The ministers and advisors have all been recently talking about the benefits of a tax culture. One of the methods recommended for this purpose is to make transactions with only those businessmen who display their Tax Number (NTN) on their commercial centres and shops. This, they consider would be sufficient proof of the fulfilment of their national obligation. They are also trying to assert that the government is trying to transform the economy into a documented one, as if documentation is something new. Documentation has been practiced in this sub-continent among the businessmen as an age-old ritual. It is only the corrupt bureaucracy which has inducted them into maintaining two documents, one for themselves and the other for the revenue departments. The latter is used for the payment of taxes. This is what the income tax practitioners derive their income from.

Lack of correct documentation of the sales and the turnover is a characteristic feature of the economy of the country. The reason is that if it is documented someone in the income tax department will claim a share. This is the only means of concealing the income from whatever source. The imposition of the sales tax without taking into consideration the type of commodity under issue, is a serious lacking on the part of those who are proposing to levy the tax. The case in point is that of imposing a tax on the newspapers and periodicals. There are very few newspapers and periodicals, if at all, that do not file their monthly returns of sales with the Audit Bureau of Circulation which conducts half-yearly audits to determine the newsprint requirement of concerned publications, so that they are in a position to import their requirements. Some of the sales tax paid by this industry could be refunded, but this will tie up its scarce funds for which money will have to be borrowed from the banks at commercial rates.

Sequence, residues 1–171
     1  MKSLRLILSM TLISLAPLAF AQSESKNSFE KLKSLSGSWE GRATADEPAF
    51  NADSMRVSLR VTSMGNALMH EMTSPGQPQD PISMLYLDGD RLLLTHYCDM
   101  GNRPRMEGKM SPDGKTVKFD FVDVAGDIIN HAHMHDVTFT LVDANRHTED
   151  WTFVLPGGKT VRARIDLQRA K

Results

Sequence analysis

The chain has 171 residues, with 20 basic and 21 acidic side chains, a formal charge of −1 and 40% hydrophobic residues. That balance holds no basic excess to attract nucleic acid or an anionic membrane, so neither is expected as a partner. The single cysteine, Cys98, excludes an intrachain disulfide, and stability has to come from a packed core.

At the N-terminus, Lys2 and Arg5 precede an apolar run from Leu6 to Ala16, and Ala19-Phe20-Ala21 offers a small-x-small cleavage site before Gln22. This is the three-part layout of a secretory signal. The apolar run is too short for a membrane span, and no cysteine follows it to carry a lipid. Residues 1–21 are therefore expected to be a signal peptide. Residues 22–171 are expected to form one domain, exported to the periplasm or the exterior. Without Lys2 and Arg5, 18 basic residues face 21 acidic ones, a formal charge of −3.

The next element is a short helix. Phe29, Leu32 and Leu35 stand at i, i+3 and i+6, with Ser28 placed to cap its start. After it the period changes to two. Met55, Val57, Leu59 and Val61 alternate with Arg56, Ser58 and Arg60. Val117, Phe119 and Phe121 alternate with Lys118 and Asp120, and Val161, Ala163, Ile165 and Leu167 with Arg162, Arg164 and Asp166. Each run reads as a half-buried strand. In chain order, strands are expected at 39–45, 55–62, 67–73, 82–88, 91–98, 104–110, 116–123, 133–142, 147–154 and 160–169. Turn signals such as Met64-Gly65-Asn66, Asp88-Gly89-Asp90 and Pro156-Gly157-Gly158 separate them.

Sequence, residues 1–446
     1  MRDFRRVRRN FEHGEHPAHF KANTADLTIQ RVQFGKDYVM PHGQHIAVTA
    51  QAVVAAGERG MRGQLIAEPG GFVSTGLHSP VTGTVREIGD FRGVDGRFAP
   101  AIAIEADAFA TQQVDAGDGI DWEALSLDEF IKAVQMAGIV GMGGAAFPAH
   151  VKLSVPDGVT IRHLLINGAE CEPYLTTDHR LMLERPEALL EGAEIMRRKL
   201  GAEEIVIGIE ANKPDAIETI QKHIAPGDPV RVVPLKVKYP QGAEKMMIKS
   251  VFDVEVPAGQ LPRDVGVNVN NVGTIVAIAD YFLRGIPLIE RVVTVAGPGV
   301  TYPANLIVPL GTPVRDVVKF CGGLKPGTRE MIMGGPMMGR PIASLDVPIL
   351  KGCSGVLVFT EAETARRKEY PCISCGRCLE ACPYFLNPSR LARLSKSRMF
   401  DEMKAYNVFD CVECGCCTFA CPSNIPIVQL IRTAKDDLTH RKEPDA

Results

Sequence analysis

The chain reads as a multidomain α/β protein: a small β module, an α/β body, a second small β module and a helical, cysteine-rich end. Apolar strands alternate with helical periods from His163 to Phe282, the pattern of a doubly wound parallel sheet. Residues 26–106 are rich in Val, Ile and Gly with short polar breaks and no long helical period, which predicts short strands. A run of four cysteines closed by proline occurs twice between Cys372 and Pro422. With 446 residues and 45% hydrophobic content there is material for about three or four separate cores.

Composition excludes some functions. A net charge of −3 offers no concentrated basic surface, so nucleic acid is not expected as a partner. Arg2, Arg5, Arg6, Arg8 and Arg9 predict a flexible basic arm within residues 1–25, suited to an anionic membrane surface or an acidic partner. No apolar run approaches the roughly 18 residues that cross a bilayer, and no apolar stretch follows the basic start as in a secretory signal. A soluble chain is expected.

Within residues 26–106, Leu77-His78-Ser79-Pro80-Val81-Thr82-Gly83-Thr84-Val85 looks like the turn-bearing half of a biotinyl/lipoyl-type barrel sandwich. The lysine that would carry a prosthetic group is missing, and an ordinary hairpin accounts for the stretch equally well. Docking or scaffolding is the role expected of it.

IMF conditionalities

There are people who think and maybe they are right, that the Agenda is part of the international conspiracy to convert Pakistan into a consumers market for the greater good of the industrialized countries. These countries have, through the World Bank and IMF, paralyzed the industries and brought about a collapse in the the agriculture which till recently was the mainstay of this agriculturally self-sufficient land. The intelligentsia has all migrated to their lands of prosperity and whatever remains may be forced to migrate because of the imposition of heavy taxes on and withdrawal of the exemptions from the salaried class.